Reductions in mortality associated with intensive public reporting of hospital outcomes

  • Hollenbeak C
  • Gorton C
  • Tabak Y
 et al. 
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It is unclear whether public reporting of hospital and physician performance has improved outcomes for the conditions being reported. We studied the effect of intensive public reporting on hospital mortality for 6 high-frequency, high-mortality medical conditions. Patients in Pennsylvania were matched to patients in other states with varying public reporting environments using propensity score methods. The effect of public reporting was estimated using a difference in differences approach. Patients treated at hospitals subjected to intensive public reporting had significantly lower odds of in-hospital mortality when compared with similar patients treated at hospitals in environments with no public reporting or only limited reporting. Overall, the 2000-2003 in-hospital mortality odds ratio for Pennsylvania patients versus non-Pennsylvania patients ranged from 0.59 to 0.79 across 6 clinical conditions (all P < .0001). For the same comparison using the 1997-1999 period, odds ratios ranged from 0.72 to 0.90, suggesting improvement when intensive public reporting occurred.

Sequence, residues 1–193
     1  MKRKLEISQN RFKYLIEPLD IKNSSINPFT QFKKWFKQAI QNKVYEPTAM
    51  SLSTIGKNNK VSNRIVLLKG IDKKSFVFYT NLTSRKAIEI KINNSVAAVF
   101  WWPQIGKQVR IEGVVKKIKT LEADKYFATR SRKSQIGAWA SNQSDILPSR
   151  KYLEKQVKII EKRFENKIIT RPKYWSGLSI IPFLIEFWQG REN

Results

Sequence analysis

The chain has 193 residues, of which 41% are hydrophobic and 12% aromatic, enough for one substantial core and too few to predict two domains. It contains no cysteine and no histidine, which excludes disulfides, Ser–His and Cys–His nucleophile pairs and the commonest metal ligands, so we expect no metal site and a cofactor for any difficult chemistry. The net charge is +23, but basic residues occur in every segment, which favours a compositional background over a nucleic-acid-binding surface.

Author-supplied keywords

  • Databases
  • Hospital mortality
  • Outcome assessment
  • Public reporting

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  • Christopher S. Hollenbeak

  • Christopher P. Gorton

  • Ying P. Tabak

  • Jayne L. Jones

  • Arnold Milstein

  • Richard S. Johannes

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